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10 Tips for First-Person Game Animation in Blender

crew
  • Software:Blender 2.8  ·
  • Difficulty:Advanced

Before we get into the technical stuff of setting up game projects and animation, I want to take share some of the interesting tips and tricks that I found while researching the topic of first-person game animation.

I will also share some resources that you can check out if you want to learn more beyond what’s covered in this course. 

First up, some general do’s and don’ts. 

In first-person games, gameplay comes first

While we want our animations to look cool, it’s more important to make sure that they communicate the action without getting in the way of the player. 

A short, snappy, but otherwise boring animation can actually be better than a fancy one with lots of anticipation and flourish because your player is going to be watching it hundreds - if not thousands of times. 

It might be fun the first couple of times, but after that, the distraction or extra time it takes can be frustrating. You don’t want to make your player wait around an extra second every time they do an action just so you can show off your cool skills. 

That said, we want to try to use the limited time we have and make things feel fluid, natural and fun. Just be aware that it’s a secondary goal. 

Check out this video by New Frame Plus on the animation of Smash Bros characters to see how you can strike a great balance between style and function. They use the fact that they only have a few frames to inform the style and end up with a really satisfying result. 

I’d also highly recommend his video on Overwatch's first-person animation and how the different animation styles for different characters can convey personality

It’s a perfect example of how, if you’re really careful, you can have your cake and eat it too when it comes to style vs. functionality. I’m going to try to strike a good balance in this course, but feel free to lean a little more one way or the other if you think mine is either too boring or too fast.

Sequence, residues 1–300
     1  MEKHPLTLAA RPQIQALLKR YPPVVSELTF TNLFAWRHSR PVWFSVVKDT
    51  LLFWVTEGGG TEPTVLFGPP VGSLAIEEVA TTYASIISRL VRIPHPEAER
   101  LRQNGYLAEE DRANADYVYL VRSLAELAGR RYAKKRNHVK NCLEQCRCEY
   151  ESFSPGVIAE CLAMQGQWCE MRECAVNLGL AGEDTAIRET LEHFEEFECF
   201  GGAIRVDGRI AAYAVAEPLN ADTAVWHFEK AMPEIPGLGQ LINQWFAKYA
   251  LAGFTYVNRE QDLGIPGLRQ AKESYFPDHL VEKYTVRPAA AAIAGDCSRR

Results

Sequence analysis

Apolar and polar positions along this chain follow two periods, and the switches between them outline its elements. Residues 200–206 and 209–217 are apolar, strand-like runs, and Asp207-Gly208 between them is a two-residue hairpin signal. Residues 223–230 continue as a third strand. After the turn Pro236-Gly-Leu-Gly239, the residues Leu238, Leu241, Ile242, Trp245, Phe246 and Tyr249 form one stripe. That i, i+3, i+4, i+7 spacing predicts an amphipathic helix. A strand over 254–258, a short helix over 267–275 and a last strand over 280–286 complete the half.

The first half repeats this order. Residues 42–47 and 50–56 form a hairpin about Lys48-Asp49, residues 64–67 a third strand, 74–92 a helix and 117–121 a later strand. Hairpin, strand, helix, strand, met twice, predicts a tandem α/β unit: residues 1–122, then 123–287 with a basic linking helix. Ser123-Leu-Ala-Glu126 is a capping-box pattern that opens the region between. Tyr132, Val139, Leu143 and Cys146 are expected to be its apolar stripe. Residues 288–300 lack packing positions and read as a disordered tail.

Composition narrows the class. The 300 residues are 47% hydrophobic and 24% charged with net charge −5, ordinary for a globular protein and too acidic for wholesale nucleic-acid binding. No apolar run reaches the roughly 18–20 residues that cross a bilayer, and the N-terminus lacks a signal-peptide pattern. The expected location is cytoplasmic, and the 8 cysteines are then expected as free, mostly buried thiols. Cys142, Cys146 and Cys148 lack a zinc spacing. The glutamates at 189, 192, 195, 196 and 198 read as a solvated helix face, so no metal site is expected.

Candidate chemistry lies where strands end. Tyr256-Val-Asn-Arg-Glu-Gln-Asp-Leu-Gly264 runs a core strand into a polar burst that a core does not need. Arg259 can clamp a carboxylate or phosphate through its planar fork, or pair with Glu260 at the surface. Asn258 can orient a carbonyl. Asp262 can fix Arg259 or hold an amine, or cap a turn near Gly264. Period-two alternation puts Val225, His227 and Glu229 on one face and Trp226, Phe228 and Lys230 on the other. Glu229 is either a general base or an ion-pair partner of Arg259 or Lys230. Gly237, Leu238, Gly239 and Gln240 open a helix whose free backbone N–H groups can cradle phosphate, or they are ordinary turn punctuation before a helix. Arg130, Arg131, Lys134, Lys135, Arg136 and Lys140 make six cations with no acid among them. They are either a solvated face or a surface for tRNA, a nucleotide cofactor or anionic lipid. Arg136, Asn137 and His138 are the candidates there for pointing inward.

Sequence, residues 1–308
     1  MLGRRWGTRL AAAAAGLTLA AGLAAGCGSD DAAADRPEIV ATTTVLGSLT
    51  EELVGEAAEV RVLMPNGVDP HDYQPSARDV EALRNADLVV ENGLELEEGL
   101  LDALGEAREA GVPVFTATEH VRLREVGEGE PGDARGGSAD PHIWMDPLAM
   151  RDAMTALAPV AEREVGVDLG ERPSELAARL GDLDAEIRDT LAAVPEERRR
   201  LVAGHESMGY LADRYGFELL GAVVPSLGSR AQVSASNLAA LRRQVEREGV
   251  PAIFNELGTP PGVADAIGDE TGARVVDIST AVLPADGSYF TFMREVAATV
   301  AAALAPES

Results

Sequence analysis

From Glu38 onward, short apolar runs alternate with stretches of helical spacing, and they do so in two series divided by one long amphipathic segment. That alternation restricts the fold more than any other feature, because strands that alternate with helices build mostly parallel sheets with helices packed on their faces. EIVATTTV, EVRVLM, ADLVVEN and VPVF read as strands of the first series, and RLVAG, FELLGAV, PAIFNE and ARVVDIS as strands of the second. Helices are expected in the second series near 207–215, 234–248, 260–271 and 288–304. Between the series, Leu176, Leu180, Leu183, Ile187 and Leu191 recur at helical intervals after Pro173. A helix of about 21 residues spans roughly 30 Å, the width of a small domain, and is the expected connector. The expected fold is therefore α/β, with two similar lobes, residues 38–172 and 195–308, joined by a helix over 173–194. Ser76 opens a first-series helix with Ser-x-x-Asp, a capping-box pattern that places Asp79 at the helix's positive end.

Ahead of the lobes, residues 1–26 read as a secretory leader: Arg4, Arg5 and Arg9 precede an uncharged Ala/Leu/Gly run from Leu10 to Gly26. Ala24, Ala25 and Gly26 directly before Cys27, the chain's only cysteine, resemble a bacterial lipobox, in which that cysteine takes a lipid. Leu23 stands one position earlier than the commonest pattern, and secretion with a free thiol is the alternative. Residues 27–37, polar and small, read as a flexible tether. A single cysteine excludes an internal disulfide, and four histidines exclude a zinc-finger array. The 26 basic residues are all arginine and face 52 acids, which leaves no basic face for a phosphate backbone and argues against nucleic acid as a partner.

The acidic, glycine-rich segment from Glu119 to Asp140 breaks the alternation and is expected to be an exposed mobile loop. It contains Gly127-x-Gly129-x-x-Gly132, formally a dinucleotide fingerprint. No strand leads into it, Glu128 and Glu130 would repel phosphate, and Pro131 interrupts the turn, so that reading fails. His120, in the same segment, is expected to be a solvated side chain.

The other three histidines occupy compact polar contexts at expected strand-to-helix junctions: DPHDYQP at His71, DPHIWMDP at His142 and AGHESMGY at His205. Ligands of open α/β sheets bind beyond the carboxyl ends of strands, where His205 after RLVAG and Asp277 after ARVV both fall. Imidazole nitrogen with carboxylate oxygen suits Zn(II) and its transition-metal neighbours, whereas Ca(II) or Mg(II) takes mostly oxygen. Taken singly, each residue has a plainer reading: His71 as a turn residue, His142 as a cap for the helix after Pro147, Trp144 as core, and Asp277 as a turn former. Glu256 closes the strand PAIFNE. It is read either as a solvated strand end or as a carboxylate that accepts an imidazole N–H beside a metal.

Animate the first frame, but don't use it in-game

A common technique for making your animations feel snappy to the player is to not start on the first frame. When animating, you obviously need that first frame of idleness to make sure the transition feels natural, but in the game, you can start on the second frame and jump the player right into the action as soon as they hit that button. 

Don't block your game player's view

Talking about not frustrating the player: don’t block whatever they are trying to look at with your animations. This GDC talk by David Helsby about the first person animation of Destiny refers to the Combat Corridor, the area down the middle of the screen that the player is focused on. 

Try to keep that clear as much as you can so that they don’t miss anything important. 

Framing the reticle

In that same talk, David also mentions the idea of framing the reticle. It’s a nice touch that just feels good and instead of blocking the player you’re helping them stay focused on that most important area

Don't make your player sick when animating the camera

Another great lesson from him is why you should be super careful when animating the camera. When we run, our head stays somewhat stable but still rotates and moves a noticeable amount. 

But if you try to animate that, you’re going to make your players sick because their sense of balance while sitting and what they’re seeing in the game don’t line up - that misalignment is what triggers motion sickness.